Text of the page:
When making the decision to sell a property that you are currently renting out, there will be many considerations. Amongst them will be decisions surrounding the timing of the sale, especially if the property is not being offered with vacant possession. In this article, we look at the situation that arises when tenants are ‘in situ’ (also known as ‘sitting tenants’) in a property a landlord wishes to sell and what the implications might be.
What is a Sitting Tenant?
Simply put, a sitting tenant is defined as someone who is renting a property that their landlord as the owner has decided to sell. If this decision has happened during the fixed term of a contract or the tenancy is protected, the sitting tenant keeps the right to continue living in the property once the property has been sold until the end of the fixed term. The property would then have to be sold with a ‘tenant in situ’. Examples of where a protected tenancy might exist can be found here.
What Rights Does a Sitting Tenant Have?
- Assured Shorthold Tenancy – When purchasing a property with a sitting tenant, the new owner, as the landlord, takes on the existing Assured Shorthold Tenancy (AST) of the tenant. Both parties are bound by the terms of the original tenancy agreement. Only once the fixed term period of the AST has ended can the new landlord evict the tenant under a section 21 notice.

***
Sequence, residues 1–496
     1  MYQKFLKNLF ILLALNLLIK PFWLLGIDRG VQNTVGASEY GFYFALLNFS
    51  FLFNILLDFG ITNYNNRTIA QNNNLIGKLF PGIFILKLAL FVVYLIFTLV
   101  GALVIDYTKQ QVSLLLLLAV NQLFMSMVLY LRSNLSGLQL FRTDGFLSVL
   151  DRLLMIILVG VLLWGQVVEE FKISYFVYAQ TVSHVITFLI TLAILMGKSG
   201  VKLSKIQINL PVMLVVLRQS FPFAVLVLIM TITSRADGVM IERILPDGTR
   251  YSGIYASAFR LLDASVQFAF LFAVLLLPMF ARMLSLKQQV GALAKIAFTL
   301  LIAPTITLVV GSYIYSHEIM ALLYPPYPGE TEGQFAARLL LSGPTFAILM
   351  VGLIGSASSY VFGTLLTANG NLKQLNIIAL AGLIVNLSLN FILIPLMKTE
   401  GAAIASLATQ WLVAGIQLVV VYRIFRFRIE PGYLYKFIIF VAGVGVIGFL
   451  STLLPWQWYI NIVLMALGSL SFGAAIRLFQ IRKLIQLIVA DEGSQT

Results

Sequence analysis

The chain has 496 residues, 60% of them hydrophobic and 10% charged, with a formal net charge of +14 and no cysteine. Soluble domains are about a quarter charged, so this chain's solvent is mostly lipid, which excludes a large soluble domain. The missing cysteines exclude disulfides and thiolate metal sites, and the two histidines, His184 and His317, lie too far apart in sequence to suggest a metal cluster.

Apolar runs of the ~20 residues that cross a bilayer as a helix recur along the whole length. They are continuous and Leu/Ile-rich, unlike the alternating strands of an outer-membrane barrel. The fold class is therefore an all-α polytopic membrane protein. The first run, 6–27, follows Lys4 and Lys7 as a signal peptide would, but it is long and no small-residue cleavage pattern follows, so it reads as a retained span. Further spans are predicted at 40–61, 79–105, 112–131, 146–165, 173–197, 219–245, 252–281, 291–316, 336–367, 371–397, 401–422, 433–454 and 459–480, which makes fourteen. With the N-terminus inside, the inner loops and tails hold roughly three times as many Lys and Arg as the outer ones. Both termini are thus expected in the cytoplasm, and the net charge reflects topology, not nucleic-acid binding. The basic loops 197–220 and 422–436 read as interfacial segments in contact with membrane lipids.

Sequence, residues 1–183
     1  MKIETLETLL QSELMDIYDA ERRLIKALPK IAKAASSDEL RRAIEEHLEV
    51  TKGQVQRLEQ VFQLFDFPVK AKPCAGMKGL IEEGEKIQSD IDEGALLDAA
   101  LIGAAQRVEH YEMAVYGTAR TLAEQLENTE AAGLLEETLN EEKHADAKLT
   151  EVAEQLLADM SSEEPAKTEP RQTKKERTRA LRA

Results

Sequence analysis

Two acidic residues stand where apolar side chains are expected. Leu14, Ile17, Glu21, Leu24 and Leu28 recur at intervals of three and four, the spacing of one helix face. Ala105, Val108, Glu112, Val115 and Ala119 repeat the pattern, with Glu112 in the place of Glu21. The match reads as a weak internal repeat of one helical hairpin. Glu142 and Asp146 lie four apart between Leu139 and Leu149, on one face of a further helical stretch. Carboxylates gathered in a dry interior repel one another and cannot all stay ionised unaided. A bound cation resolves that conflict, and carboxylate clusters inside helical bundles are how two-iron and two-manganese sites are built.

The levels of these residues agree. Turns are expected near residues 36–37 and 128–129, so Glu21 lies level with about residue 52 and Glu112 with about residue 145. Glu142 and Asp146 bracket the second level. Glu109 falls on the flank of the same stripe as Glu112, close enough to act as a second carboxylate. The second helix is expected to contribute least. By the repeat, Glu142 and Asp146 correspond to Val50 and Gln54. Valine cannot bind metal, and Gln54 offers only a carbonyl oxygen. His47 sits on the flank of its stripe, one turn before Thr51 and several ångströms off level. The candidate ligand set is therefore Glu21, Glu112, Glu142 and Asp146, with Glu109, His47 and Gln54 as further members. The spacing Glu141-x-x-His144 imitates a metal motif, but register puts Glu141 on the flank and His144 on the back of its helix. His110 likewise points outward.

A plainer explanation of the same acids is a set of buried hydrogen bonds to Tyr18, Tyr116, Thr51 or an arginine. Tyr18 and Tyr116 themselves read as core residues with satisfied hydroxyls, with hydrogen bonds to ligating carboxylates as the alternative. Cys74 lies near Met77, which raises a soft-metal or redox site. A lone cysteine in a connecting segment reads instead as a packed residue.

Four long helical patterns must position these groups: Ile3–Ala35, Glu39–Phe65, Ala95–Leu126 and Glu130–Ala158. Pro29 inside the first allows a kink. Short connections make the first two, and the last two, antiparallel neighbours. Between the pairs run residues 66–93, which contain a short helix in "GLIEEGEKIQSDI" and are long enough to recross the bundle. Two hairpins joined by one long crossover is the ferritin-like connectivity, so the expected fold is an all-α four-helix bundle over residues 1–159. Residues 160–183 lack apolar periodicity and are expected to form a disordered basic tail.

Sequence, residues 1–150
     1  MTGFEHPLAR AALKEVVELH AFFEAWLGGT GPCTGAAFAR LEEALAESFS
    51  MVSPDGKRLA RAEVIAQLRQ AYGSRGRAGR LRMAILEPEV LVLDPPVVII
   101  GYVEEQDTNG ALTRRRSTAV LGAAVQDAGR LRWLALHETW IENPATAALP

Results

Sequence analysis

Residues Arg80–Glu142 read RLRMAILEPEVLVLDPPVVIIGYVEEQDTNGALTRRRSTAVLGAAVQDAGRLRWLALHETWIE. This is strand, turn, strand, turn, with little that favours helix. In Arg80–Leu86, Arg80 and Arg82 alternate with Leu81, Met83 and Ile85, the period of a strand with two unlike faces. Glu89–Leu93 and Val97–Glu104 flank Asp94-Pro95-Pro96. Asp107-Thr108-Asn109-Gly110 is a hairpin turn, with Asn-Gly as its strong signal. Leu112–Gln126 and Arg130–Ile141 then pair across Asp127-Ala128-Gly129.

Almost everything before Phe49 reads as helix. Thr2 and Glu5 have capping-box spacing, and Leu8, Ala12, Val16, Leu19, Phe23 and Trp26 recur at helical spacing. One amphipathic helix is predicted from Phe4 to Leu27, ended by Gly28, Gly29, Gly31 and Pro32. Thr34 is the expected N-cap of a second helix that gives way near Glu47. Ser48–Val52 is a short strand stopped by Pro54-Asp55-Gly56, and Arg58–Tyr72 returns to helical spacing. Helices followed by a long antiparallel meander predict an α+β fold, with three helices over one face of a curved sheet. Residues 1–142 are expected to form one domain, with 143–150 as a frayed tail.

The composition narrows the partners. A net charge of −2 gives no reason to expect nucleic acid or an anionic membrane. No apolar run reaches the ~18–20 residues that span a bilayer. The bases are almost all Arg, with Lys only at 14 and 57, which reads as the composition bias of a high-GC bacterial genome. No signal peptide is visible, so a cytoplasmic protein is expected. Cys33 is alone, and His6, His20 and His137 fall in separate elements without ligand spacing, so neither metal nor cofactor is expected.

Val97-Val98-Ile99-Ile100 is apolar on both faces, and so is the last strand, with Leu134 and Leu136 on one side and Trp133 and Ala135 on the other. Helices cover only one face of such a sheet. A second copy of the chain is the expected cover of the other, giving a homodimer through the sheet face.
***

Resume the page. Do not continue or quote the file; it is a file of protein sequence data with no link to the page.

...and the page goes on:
- Regulated Tenancy – If the tenant entered into the tenancy before 1989, they will benefit from the security of tenure under a Regulated Tenancy. Their rights are that they have a legal right to remain living at the property, in accordance with the Rent Act 1977. If the sitting tenant should die, under rights of succession, the tenancy might be able to then be passed on to another family member. A sitting tenant does not have the right to buy the property that they are renting, except if the property belongs to the local authority. However, this is not to say that a landlord cannot offer their tenant first refusal on the property should they decide to sell. A sitting tenant has the right to remain in the property, provided they continue to pay rent on time and keep to the terms of their agreement. The rent paid could be below the current market value and it is their right to remain paying this lower rental sum.
What Obligations Does a Sitting Tenant Have?
A sitting tenant must ensure that they pay their rent on time or they run the risk of invalidating their sitting tenant status. If a sitting tenant owes a landlord three or more month’s rent, then the landlord will be able to apply for an eviction order under the terms of the Rent Act 1977.